What are we aiming for? Sustainability? Fruitfulness? Or Resilience?

Resilience-in-tree-form

At a recent gathering of pioneers we discussed the subject of sustainability. For a number there the very word ‘sustainability’ was problematic. Sustainability it was argued implies a formed, settled state, one that can be maintained, most probably for as long as one might be able to imagine.

But in a world where change is not only rapid but constant, can we any longer have the luxury of thinking in terms of sustainability? Should sustainability be our goal for emerging churches? Surely we don’t want church communities where ‘maturity’ looks like maintaining a new kind of status quo, no matter how innovative or relevant? Our context asks for constant adaptivity, constant vigilance – if we stand still the world moves on, and before we know it ‘sustainability’ starts to look like decline because we have stopped paying attention.

The language of sustainability is more about the church as institution than missional movement. Michael Moynagh argues that ‘sustainability is a self-referential concept. It is more about the church than the world…The focus is more on the health of the church than the health of the surrounding society’[1] Moynagh therefore argues for fruitfulness as a way of evaluating church health:

“Sustainability pulls toward stability and thus away from the edge of chaos. It invites the question ‘How can we put down roots and become permanent?’ Whereas fruitfulness opens up the enquiry, ‘What must we do differently to become more fruitful?’ Sustainability maintains what the community has become, whereas fruitfulness moves on from the status quo. Sustainability beds down in the present: fruitfulness is drawn forward by the magnetism of God’s future”.[2]

Fruitfulness is heading in the right direction. It introduces an organic rather than mechanistic metaphor and opens up the question to a range of evaluations (there are many ways in which a church might be fruitful, not just numbers, giving, financial solvency etc.)  However, there may well be times when a church community is not fruitful, yet still healthy, and building resilience for the future. John 15, as metaphor for communal life suggests times of fruitfulness, yet also times of growth (which may be qualitative as well as quantitative) and furthermore, also times of pruning (when church life will feel more like death). All three stages are important for the longer-term health, resilience and fruitfulness of the community.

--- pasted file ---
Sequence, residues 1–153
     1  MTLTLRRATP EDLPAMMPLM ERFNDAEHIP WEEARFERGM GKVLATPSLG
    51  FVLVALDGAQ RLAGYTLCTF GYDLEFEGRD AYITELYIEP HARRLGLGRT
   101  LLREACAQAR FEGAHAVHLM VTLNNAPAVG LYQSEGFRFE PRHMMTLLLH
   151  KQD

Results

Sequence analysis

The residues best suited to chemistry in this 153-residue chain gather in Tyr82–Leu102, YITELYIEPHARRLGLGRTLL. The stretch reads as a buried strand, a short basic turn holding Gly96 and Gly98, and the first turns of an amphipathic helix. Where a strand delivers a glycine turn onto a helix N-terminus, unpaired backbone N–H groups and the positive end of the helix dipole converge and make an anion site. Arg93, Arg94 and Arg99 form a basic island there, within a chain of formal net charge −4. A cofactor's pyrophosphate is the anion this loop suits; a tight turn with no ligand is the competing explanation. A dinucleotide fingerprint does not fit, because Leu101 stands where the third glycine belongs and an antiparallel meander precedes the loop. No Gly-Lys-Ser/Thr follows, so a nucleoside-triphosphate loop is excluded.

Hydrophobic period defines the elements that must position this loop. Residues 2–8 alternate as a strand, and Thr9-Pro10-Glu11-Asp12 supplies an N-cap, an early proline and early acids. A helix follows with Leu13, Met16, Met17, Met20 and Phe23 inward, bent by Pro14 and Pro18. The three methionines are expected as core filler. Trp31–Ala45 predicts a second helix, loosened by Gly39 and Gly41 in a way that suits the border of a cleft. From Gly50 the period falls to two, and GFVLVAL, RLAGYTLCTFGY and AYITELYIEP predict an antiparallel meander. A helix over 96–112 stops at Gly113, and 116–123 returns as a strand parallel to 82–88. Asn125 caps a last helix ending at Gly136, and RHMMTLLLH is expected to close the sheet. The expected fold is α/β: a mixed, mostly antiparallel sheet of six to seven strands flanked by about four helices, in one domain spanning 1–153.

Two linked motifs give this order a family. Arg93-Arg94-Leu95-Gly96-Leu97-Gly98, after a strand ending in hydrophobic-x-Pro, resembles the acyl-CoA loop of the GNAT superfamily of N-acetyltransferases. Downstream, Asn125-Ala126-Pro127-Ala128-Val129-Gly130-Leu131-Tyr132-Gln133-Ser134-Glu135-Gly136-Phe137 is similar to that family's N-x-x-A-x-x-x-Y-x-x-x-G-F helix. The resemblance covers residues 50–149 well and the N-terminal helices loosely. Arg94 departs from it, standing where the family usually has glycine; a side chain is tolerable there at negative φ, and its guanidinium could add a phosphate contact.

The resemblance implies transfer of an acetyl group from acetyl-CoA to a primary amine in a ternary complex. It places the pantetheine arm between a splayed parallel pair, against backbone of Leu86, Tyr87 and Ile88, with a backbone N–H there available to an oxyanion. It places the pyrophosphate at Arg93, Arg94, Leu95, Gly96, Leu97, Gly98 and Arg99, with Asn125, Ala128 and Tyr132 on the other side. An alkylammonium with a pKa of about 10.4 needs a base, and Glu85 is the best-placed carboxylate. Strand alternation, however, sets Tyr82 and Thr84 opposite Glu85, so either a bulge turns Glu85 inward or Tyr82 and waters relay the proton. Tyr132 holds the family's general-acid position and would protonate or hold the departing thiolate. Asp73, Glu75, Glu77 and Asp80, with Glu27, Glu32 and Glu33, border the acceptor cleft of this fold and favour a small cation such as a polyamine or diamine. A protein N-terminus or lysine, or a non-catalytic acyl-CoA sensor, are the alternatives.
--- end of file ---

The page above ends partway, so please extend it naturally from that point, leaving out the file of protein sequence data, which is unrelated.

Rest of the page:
I wonder therefore whether, whilst fruitfulness is one way of evaluating healthy church life, our goal might rather be resilience. Because integrated into the image of a resilient community, or resilient organic structure of life, is the principle of adaptation. Adaptation will often involve times of loss, vulnerability, death – autumn and winter as well as spring and summer. The concept of resilience also contains within it an attentiveness to context, yet an ongoing form within it. Resilient communities have continuity and discontinuity, some non-negotiables (what it means to be this organism/community and not another) remain, but some things flex, reform, are removed, or are created in response to a changing environment.

The differences between sustainability and resilience can be summed up in the following table:

 

Fruitfulness will be critical to resilience, because part of building resilience within any organic form of life is a process of reproduction which generates diversity and innovation. So fruitfulness is a subset of resilience. To build resilience we aim for fruitfulness. However, other markers, such as adaptivity, attentiveness to context, flexible structures will also be important aims in the building of a resilient Christian community of faith.

[1] Church in Life (SCM2017) p376

[2] ibid

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